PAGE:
Proceedings of the NATO Advanced Study Institute, Les Houches, France, 1-13 October 2000
Preface. List of Participants. Structure and dynamic properties of membrane lipid and protein; M. Caffrey. Cell model and Poisson-Boltzmann theory: A brief introduction; M. Deserno, C. Holm. DNA Condensation and Complexation; W.M. Gelbart. Interactions in Colloidal Suspensions; D.G. Grier, S.H. Behrens. Computer Simulations of charged systems; C. Holm, K. Kremer. Scaling description of charged polymers; J.-F. Joanny. When Ion-Ion Correlations Are Important in Charged Colloidal Systems; B. Jönsson, H. Wennerström. Direct Surface Force Measurement Techniques; P. Kékicheff. Counterions in polyelectrolytes; A.R. Khokhlov, et al. Distribution function theory of electrolytes and electrical double layers; R. Kjellander. Field-Theoretic Approaches to Classical Charged Systems; A.G. Moreira, R.R. Netz. Interactions and conformational fluctuations in macromolecular arrays; R. Podgornik. Structure and phasebehavior of cationic-lipid DNA complexes; J.O. Rädler. Small angle scattering methods applied to polyelectrolyte solutions; M. Rawiso. Lateral correlation of multivalent counterions is the universal mechanism of charge inversion; T.T. Nguyen, et al. Highly Charged Polyelectrolytes: experimental aspects; C.E. Williams. Index.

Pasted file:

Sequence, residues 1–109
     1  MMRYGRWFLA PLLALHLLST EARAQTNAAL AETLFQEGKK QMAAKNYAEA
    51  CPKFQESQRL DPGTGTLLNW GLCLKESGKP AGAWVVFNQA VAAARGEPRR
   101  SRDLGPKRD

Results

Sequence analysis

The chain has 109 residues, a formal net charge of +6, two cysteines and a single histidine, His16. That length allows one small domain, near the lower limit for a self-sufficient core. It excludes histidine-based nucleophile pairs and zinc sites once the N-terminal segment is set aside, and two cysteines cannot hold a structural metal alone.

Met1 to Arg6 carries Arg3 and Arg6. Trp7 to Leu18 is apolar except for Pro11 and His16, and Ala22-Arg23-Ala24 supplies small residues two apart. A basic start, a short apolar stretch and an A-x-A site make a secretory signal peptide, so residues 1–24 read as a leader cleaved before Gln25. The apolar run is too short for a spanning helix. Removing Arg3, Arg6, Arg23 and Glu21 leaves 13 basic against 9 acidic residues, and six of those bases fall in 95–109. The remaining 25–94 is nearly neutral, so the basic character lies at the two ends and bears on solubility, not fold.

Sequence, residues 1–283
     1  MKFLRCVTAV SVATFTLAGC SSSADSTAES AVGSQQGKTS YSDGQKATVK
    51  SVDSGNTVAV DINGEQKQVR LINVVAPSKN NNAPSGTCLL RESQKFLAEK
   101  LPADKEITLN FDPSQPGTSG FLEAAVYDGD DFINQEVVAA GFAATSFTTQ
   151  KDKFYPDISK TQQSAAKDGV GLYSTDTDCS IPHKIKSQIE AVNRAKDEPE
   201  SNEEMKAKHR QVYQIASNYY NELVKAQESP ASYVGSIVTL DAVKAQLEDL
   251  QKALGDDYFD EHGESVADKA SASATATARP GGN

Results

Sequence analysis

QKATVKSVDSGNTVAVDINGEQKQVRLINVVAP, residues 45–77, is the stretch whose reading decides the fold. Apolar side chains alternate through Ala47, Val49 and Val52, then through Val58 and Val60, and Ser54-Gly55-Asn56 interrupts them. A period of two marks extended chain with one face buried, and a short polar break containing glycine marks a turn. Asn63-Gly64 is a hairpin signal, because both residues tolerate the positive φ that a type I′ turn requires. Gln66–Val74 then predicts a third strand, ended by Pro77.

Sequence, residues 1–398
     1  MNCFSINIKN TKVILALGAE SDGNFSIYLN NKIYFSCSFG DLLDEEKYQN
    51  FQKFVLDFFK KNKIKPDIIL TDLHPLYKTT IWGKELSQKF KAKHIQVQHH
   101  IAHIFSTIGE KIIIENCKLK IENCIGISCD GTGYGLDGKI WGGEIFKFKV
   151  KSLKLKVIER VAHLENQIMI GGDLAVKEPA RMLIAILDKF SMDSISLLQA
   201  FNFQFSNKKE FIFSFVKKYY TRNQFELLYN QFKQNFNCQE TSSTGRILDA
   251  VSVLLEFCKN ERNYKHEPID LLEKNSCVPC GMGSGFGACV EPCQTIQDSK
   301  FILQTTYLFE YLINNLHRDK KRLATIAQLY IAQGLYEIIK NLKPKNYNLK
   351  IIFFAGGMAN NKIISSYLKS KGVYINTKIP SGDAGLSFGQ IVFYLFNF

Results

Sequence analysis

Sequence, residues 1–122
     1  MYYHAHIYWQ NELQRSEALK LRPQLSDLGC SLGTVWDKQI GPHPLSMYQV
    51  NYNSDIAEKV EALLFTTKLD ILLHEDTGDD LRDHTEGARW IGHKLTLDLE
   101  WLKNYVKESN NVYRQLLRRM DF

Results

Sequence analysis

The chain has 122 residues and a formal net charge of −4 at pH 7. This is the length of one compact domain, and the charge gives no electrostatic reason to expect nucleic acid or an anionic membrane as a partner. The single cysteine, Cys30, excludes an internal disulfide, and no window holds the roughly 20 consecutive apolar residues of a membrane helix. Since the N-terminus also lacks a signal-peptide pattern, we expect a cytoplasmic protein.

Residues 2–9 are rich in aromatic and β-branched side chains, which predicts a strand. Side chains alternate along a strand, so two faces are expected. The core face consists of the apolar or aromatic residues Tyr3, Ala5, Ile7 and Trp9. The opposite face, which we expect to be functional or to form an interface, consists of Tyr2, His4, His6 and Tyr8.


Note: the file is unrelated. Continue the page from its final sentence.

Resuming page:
Soft Condensed Matter commonly deals with materials that are mechanically soft and, more importantly, particularly prone to thermal fluctuation effects. Charged soft matter systems are especially interesting: they can be manufactured artificially as polyelectrolytes to serve as superabsorbers in dypers, as flocculation and retention agents, as thickeners and gelling agents, and as oil-recovery process aids. They are also abundant in living organisms, mostly performing important structural (e.g. membranes) and functional (e.g. DNA) tasks.
The book describes the many areas in soft matter and biophysics where electrostatic interactions play an important role. It offers in-depth coverage of recent theoretical approaches, advances in computer simulation, and novel experimental techniques.
Readership: Advanced undergraduate level in physics, physical chemistry, and theoretical biochemistry.
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